RELEVATE Nutrients

Nicotinamide (B3)

Key Food Groups: Poultry, Fish

Vitamin B3: Role in Brain Health

Vitamin B3 has powerful antioxidant properties related to binding and eliminating damaging free radicals in neurons. Vitamin B3 is taken in through the diet and converted to an active form called nicotinamide adenine dinucleotide (NAD), which plays a central role for metabolism in all tissues of the body, including the brain.1 Studies indicate NAD may play a key role in neuroprotection by maintaining the integrity of the blood-brain barrier2 and by slowing down the degeneration of neuronal axons (neuron cell projections used in communication and exchange). Without sufficient NAD, there may be a risk of axonal degeneration as we age, which is known to lead to peripheral neuropathies associated with neurodegenerative diseases like Alzheimer’s disease and Parkinson’s disease.3,4

Intake Deficiency and Relevance

About 400 metabolic reactions in the body depend on NAD, more than any other vitamin-derived cofactor in the body NAD may be depleted at a higher rate than normal due to various acute and chronic stresses, such as from the workplace, unhappy relationships, and smoking and other toxic exposures, which may lead to a need for additional B3 intake, especially as we age and the damage from life stresses accumulates.1

The quintessential medical condition that arises from B3 deficiency is called pellagra and is characterized by “the 3 D’s”: dermatitis, diarrhea, and dementia.5 Unfortunately, B3 deficiency is most common amongst the older population (especially adults over the age of 60), suggesting a potential reduction of intake with age. Research is indicating that decreased NAD levels contribute to destructive aging processes that may lead to neurodegenerative diseases. However, appropriate intake of B3 may contribute to lessening neuronal damage from aging and protecting the blood-brain barrier, which is critical to denying the entry of pathogens and toxins into the brain, while allowing the entry of needed nutrients.3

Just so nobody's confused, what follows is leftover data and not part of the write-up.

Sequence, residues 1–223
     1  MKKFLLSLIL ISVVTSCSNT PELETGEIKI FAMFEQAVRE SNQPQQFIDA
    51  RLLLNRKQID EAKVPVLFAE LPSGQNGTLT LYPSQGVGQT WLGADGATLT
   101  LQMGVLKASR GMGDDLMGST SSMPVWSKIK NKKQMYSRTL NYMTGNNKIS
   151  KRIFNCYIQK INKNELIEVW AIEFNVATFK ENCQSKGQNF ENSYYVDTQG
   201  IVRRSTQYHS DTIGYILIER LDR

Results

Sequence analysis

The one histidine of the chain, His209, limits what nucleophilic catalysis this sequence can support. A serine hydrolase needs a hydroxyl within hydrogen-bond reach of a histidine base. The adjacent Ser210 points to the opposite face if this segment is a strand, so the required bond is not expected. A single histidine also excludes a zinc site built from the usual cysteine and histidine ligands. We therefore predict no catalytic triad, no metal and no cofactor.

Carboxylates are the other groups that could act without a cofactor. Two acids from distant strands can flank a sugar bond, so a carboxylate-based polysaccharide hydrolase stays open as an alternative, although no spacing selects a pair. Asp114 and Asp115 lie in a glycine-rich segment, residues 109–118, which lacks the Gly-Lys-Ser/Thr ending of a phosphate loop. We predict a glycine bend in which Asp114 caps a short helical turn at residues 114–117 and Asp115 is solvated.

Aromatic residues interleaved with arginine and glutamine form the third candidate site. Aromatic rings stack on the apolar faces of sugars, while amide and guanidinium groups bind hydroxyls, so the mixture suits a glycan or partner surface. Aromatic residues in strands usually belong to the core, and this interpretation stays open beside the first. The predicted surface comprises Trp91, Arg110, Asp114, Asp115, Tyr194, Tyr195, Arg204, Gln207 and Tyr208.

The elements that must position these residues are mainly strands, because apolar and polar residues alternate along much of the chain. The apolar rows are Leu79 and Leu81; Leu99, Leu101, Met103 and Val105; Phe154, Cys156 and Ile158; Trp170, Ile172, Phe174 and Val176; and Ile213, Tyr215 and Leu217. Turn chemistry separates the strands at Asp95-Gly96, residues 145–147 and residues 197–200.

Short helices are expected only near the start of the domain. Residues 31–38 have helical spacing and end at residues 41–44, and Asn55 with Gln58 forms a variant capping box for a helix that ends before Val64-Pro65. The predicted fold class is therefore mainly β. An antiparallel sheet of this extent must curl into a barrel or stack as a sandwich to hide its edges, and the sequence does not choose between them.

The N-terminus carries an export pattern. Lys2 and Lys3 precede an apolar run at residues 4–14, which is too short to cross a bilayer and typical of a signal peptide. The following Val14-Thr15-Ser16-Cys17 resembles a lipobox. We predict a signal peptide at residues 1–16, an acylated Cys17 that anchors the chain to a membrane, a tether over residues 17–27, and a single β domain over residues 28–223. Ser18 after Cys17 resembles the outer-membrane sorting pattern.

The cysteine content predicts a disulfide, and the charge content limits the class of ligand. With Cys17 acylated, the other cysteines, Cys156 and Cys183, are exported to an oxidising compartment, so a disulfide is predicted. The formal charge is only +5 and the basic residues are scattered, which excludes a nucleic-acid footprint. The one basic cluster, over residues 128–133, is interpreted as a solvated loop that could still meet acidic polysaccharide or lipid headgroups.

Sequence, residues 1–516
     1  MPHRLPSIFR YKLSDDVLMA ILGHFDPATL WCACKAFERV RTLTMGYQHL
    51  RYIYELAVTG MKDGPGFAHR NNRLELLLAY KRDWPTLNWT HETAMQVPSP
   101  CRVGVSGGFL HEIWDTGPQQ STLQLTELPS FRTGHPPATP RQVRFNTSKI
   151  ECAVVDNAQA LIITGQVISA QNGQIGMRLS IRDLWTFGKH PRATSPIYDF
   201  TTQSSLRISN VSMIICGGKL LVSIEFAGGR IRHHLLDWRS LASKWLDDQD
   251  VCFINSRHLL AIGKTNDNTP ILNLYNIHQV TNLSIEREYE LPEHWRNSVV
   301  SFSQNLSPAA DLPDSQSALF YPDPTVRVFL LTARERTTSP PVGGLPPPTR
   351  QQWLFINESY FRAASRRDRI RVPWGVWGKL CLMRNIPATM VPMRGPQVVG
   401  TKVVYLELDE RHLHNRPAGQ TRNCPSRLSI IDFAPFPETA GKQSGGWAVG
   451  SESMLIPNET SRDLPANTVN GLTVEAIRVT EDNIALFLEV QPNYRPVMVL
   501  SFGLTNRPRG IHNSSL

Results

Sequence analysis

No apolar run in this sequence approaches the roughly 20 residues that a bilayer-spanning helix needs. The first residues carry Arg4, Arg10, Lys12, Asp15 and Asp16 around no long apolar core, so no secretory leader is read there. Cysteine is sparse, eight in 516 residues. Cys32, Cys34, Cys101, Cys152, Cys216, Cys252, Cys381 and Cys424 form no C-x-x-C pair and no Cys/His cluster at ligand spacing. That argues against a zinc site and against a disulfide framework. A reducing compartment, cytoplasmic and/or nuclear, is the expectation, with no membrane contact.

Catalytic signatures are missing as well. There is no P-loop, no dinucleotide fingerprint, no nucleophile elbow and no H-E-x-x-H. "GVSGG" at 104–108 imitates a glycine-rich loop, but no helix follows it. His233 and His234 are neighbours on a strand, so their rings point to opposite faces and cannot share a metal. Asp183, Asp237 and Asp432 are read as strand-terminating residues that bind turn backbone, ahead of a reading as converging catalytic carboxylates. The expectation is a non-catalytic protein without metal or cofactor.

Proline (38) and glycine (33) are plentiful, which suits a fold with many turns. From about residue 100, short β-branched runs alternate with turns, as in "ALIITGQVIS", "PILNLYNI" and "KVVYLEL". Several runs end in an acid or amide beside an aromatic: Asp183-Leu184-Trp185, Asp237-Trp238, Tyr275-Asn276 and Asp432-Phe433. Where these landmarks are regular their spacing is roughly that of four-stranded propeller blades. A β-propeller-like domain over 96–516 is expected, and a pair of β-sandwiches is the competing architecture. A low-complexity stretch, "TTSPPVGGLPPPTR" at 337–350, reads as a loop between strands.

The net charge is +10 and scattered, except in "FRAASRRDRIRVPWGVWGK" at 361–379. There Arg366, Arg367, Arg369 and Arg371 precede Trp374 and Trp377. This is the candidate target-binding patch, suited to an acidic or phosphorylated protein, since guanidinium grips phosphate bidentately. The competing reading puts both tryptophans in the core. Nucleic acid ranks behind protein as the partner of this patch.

RELEVATE’s Form of Vitamin B3

Nicotinamide is the form of vitamin B3 used in RELEVATE. Its benefits are that it is almost completely absorbed, converts to NAD in an efficient 2-step reaction (vs 3-step for the standard niacin form), and it does not produce unwanted flushing of the skin like niacin.1 The recommended dietary intake of vitamin B3 is based on preventing pellagra;6 these recommendations are intended to prevent overt deficiency disease, but it is worthy to note that the recommendations may not address levels needed for optimal health – these may be higher, depending on a person’s lifestyle and stress levels.

Concluding Thoughts to Consider

It is unclear why B3 intake or absorption decreases with age; however, prospective observational studies link greater B3 intake with a lower risk of Alzheimer’s disease and reduced rate of cognitive decline,7 which suggests that greater B3 intake could be beneficial as we age. Evidence also suggests that nicotinamide alleviates oxidative stress,3,7 and recent studies are uncovering new mechanisms in which B3 and NAD contribute to neuroprotection.4,8 This suggests an exciting path for B3 in brain health that is just beginning.


Cited References

  1. NIH Office of Dietary Supplements. Niacin: Fact Sheet for Health Professionals. National Institutes of Health, Office of Dietary Supplements (2019).
  2. Maiese, K., Chong, Z. Z., Hou, J. & Shang, C. Y. The Vitamin Nicotinamide: Translating Nutrition into Clinical Care. Molecules 14, (2009).
  3. Verdin, E. NAD+ in aging, metabolism, and neurodegeneration. Science (80-. ). 350, 1208 LP – 1213 (2015).
  4. Hou, Y. et al. NAD+ supplementation normalizes key Alzheimer’s features and DNA damage responses in a new AD mouse model with introduced DNA repair deficiency. Proc. Natl. Acad. Sci. 115, E1876 LP-E1885 (2018).
  5. Bogan, K. L. & Brenner, C. Nicotinic Acid, Nicotinamide, and Nicotinamide Riboside: A Molecular Evaluation of NAD+ Precursor Vitamins in Human Nutrition. Annu. Rev. Nutr. 28, 115–130 (2008).
  6. Higdon, J., Drake, V. J., Delage, B. & Meyer-Ficca, M. Niacin. Oregon State University, Linus Pauling Institute, Micronutrient Information Center (2018). Available at:
  7. Morris, M. C. et al. Dietary niacin and the risk of incident Alzheimer’s disease and of cognitive decline. J. Neurol. Neurosurg. Psychiatry (2004). doi:10.1136/jnnp.2003.025858
  8. Xie, X. et al. Nicotinamide ribose ameliorates cognitive impairment of aged and Alzheimer’s disease model mice. Metab. Brain Dis. 34, 353–366 (2019).